Effective advocacy requires ongoing diligence in following every aspect of regulatory requirements impacting CUSOs and the credit unions that invest in them and benefit from them. It necessitates prompt response at times and the ongoing resources to interact positively on behalf of the CUSO community on issues and requirements of all types. With a new Congress now in session, educating them on the benefits of credit unions and the collaborations that enable them to cost effectively serve their members, as well as invest in innovation, through CUSOs that help spread and minimize risk, is an important message we are delivering. We hope that you agree such diligent advocacy initiatives are crucial to the long-term viability of the collaborative movements within the credit union community.
We hope this report helps you see how we have carefully managed the funds entrusted to us, for Advocacy purposes. We would be happy to answer any questions that you may have. Thank you for your support, and for giving NACUSO the opportunity to support you as you serve your members. Please consider adding your support to our advocacy efforts by contributing today.
Jack M. Antonini
President & CEO
NACUSO Working For You
Legislative & Regulatory Advocacy Update
Knowing that obtaining vendor authority was the number one legislative issue for NCUA in 2015-16, Jack Antonini and Guy Messick met with key Congressional representatives in January to tell Congress why credit unions and CUSOs oppose the extension of this expansive, costly and unnecessary authority to NCUA. When NCUA made their official request for vendor authority, Congress was not persuaded by their arguments.
We continue to monitor the situation to ensure that the Senate and House recognize that such an unwarranted extension of regulatory and examination authority beyond the current statutory mandate of NCUA is both controversial in the industry and potentially damaging to an industry that is dependent upon third party relationships because of their smaller size in comparison to many of their competitors. Credit unions need third party support and collaborative innovation to continue to effectively meet their members’ needs, and a burdensome regulatory and examination regime for anyone who does business with a credit union will not foster that support and innovation.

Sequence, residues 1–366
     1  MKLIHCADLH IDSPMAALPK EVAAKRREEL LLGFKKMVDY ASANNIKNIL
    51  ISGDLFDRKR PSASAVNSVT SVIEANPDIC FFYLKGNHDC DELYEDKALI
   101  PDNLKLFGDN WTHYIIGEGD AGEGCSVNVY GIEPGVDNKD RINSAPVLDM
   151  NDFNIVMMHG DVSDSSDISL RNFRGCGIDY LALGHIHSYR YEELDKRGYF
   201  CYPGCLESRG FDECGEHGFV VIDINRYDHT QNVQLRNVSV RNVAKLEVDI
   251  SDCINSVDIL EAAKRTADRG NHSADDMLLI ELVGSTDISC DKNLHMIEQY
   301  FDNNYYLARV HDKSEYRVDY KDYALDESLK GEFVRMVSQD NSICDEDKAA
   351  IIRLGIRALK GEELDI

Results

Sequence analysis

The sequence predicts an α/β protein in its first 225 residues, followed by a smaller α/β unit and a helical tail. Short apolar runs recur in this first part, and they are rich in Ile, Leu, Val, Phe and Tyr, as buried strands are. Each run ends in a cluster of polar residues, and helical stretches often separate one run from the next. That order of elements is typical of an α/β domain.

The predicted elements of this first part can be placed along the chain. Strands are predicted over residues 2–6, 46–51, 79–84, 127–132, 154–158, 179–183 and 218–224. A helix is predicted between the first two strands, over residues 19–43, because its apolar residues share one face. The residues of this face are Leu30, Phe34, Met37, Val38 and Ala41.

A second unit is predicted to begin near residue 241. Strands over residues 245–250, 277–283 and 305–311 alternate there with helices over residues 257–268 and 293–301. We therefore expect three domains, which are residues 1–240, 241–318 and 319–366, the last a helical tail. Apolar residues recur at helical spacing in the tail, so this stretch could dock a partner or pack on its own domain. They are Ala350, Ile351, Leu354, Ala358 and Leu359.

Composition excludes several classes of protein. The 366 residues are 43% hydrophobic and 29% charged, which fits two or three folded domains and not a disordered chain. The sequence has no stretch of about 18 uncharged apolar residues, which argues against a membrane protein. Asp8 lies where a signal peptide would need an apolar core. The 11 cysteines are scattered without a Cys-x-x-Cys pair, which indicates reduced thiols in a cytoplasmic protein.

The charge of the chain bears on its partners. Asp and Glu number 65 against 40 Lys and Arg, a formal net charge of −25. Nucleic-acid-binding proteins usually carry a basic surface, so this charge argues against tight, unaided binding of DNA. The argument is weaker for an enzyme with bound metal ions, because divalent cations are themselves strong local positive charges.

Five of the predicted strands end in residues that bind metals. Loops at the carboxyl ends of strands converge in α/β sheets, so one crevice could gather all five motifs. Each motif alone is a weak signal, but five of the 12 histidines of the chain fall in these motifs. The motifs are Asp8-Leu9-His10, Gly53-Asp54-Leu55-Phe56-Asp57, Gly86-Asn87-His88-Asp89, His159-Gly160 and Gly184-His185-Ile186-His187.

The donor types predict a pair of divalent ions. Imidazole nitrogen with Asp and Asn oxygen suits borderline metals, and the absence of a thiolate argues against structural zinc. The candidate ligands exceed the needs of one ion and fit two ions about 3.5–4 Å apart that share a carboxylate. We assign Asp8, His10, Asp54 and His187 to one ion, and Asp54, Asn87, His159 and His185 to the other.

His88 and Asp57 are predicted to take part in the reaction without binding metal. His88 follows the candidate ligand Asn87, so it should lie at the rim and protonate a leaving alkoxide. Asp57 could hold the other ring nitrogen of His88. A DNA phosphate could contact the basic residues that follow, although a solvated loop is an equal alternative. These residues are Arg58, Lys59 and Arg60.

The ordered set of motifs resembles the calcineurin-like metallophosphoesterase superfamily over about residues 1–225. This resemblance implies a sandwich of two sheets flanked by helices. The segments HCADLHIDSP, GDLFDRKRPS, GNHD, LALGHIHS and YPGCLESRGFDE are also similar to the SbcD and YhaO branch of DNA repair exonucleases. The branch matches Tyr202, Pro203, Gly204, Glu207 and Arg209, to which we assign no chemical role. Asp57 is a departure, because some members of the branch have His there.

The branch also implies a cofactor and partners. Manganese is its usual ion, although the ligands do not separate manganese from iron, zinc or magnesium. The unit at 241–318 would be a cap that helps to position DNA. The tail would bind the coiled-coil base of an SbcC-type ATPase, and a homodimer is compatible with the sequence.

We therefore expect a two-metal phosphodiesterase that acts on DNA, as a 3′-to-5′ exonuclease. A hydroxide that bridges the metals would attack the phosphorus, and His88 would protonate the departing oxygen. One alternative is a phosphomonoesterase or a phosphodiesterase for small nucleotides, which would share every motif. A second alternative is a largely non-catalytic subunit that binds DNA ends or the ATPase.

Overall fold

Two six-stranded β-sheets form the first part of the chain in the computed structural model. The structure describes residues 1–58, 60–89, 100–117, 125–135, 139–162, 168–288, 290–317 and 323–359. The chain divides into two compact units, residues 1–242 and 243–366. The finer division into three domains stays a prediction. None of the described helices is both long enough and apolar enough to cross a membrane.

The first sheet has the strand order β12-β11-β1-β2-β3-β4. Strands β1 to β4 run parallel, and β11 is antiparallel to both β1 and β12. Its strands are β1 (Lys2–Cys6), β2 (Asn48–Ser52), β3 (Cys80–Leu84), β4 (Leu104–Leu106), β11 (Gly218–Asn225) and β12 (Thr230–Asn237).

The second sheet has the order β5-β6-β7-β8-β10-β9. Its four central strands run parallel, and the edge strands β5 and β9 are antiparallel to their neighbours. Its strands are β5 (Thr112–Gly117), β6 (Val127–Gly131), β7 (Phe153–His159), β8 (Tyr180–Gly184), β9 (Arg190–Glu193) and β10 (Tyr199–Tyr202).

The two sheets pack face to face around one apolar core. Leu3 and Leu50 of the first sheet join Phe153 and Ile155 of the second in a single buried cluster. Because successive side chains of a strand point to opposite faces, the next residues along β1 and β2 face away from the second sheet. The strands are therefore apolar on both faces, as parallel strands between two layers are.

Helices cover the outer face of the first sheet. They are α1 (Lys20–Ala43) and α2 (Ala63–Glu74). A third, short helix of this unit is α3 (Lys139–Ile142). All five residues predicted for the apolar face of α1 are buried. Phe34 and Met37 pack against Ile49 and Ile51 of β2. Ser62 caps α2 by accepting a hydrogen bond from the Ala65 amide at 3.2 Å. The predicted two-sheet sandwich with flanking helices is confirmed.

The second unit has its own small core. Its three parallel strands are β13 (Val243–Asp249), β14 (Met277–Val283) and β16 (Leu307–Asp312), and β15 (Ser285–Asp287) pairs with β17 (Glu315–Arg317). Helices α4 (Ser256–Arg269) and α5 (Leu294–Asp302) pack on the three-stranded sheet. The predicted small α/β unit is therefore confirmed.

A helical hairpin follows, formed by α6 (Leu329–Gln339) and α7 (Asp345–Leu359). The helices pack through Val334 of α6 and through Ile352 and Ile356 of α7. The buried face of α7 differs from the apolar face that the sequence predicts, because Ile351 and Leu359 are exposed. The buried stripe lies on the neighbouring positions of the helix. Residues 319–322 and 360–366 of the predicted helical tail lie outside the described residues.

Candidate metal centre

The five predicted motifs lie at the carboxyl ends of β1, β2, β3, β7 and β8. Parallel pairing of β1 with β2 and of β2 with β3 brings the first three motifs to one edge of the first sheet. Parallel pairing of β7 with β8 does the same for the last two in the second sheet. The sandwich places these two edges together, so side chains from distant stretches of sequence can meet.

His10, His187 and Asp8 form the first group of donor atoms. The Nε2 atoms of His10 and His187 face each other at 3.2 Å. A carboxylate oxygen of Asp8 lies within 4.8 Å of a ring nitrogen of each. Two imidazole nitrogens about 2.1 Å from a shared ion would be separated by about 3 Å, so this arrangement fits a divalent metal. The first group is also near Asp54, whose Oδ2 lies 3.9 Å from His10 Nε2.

NACUSO is focused on protecting credit union collaboration through CUSOs, but we need your help, so we can continue to be vigilant in monitoring legislation in Congress, please contribute to NACUSO’s Advocacy Fund today – click here to contribute.
NCUA’s MBL Rule
NACUSO was supportive of the positive changes in NCUA’s revised MBL Rule, including the greater authority to waive personal guarantees, a more balanced approach to construction loan limitations, enhanced flexibility on counting loan participations against the MBL cap and the improved treatment of 1-4 dwelling rental property. NACUSO also, in consultation with our business lending CUSO members, recognized that the Conflict of Interest provisions in the new MBL Rule could be misconstrued by examiners, so we have engaged with NCUA Board members and senior NCUA staff about the issue, and sent a letter to explain our concern and our recommended solution (see NACUSO’s MBL Conflict of Interest Letter to NCUA ).
Expansion of CUSO Authorized Powers
NACUSO wrote to the NCUA Board in 2015 requesting an amendment to NCUA Regulations Part 712.5 to add to the list of authorized CUSO powers to help facilitate a competitive solution to the growing Internet and peer-to-peer lending competitors for car loans and unsecured loans faced by credit unions in today’s environment (see NACUSO’s letter). Chairman Matz responded that she was not opposed to reconsidering new authorities for CUSOs, indicating “if CUSOs can legally provide additional services to benefit credit unions and their members without compromising safety and soundness, I would strongly support those efforts.” Chairman Matz went on to say that she had asked NCUA staff to review the policy and safety and soundness considerations relative to our request, and this review is already underway (see Chairman Matz response).